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New president and new system take form

By Gvantsa Gabekhadze
Tuesday, November 19
New President Giorgi Margvelashvili signed his first presidential decree after his inauguration on Sunday, formally authorizing the incumbent ministers, including Prime Minister Bidzina Ivanishvili, to carry out their duties before the new cabinet receives parliament’s approval.

Parliamentary Chairman Davit Usupashvili said that hearings in parliamentary committees on prime ministerial candidacy and the cabinet will start on November 19.

Georgian Dream MP Irakli Sesiashvili stated that the Parliament will supposedly approve the new Prime Minister and the cabinet of ministers on November 20.

Member of the parliamentary majority Irine Imerlishvili emphasized that the country has already become a parliamentary republic. “I hope that the parliamentary ruling mode will provide more benefits for the country than the strong presidential system we had previously,” Imerlishvili stated.

After the approval of the new Prime Minister and the government, the country will actually move to the new political situation where the president will not enjoy the power he had in past years. Most of the real power will be concentrated in the hands of the PM.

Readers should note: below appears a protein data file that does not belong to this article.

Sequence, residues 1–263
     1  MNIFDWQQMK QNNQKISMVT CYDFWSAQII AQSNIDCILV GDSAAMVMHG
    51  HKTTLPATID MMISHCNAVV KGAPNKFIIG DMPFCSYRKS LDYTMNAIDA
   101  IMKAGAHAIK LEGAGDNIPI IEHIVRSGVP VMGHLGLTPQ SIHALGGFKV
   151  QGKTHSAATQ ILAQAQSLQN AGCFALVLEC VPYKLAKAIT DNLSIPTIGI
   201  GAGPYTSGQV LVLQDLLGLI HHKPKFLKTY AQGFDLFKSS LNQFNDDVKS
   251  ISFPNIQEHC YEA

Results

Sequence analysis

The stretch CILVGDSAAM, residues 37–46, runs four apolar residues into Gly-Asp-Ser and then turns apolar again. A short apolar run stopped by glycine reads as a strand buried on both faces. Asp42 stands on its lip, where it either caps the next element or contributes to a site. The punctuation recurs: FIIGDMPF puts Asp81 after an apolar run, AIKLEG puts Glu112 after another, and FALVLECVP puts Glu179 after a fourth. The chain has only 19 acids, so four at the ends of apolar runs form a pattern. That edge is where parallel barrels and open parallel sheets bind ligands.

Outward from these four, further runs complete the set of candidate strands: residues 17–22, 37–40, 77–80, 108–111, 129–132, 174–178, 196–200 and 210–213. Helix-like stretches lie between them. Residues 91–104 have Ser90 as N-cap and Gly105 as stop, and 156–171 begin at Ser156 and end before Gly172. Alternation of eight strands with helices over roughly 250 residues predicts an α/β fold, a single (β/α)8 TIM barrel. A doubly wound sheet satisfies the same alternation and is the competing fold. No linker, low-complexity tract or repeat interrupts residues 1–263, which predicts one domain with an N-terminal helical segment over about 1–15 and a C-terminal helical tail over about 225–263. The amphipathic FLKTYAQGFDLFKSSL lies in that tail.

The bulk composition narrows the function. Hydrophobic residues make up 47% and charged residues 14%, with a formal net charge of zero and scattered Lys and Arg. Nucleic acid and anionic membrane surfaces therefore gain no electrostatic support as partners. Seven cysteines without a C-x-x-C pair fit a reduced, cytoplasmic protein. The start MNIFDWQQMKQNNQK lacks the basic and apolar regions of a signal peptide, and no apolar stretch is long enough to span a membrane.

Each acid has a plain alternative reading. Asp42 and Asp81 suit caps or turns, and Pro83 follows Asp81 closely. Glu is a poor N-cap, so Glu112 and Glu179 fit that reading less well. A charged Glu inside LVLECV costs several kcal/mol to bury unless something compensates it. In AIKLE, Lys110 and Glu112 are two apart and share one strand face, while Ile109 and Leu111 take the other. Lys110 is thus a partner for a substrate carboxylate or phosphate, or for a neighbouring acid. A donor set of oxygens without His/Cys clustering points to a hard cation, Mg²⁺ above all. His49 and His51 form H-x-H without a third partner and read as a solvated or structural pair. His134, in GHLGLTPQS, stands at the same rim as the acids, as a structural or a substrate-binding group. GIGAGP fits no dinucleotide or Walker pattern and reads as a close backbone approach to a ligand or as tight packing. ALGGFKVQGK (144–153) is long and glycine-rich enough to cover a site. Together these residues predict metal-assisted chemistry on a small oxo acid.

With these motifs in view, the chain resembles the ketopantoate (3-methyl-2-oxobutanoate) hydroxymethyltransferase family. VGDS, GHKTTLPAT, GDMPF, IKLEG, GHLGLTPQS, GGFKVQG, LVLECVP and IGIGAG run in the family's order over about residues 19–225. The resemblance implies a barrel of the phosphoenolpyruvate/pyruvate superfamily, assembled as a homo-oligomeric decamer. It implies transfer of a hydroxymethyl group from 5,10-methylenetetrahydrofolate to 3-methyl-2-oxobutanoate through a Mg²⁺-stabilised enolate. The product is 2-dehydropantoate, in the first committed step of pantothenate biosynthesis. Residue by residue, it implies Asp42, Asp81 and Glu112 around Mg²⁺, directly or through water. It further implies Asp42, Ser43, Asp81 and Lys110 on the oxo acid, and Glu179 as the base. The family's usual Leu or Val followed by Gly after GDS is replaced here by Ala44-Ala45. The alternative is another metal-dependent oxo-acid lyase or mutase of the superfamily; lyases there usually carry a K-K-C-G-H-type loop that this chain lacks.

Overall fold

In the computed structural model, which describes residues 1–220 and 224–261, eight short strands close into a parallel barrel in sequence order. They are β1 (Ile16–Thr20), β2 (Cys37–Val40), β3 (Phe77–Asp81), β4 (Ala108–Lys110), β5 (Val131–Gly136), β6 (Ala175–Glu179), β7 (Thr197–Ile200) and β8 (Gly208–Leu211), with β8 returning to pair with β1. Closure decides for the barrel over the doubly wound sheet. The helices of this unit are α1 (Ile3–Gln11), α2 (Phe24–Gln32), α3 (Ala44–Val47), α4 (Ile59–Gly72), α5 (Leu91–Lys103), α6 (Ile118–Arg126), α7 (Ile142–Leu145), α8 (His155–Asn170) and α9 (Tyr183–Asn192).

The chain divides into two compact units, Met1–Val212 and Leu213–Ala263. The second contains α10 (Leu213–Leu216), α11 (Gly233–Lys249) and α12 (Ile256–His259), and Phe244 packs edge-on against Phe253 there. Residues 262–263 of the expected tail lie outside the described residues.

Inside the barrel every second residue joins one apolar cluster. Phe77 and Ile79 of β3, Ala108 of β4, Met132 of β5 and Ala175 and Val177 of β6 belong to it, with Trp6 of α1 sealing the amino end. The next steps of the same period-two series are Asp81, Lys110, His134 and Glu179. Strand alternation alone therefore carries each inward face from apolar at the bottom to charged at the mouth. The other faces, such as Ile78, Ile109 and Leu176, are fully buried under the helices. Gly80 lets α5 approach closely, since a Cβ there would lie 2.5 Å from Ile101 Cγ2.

What does the presidential control under the new constitution?

“The president enjoys the role of being the peaceful arbiter,” constitutionalist Avtandil Demetrashvili stressed.

He also underscored that the country has moved to a new, mixed ruling system, where the parliament’s role is higher than the president’s.

“Until the inauguration, the president had a decisive role and function in the country. He had a crucial role in forming the state. Now the president will no longer have the right to dismiss or appoint government members, he will not have legislative functions, he will be unable to order the parliament to snap out an issue,” Demetrashvili stated.

“He has a veto right and can make some influence on the parliament. He can pardon, grant citizenship, awards and and appoint elections,” Demetrashvili stated, adding that France and Poland have this kind of mixed system in Europe.

Head of Georgian Young Lawyers’ Association (GYLA) Kakha Kozhoridze states that:

“We were partially a presidential republic, now we have made a step towards the parliamentary ruling mode. The president has essential rights. However, almost all the serious presidential decisions require governmental support. Thus, he cannot carry out his main obligations individually,” Kozhoridze stated.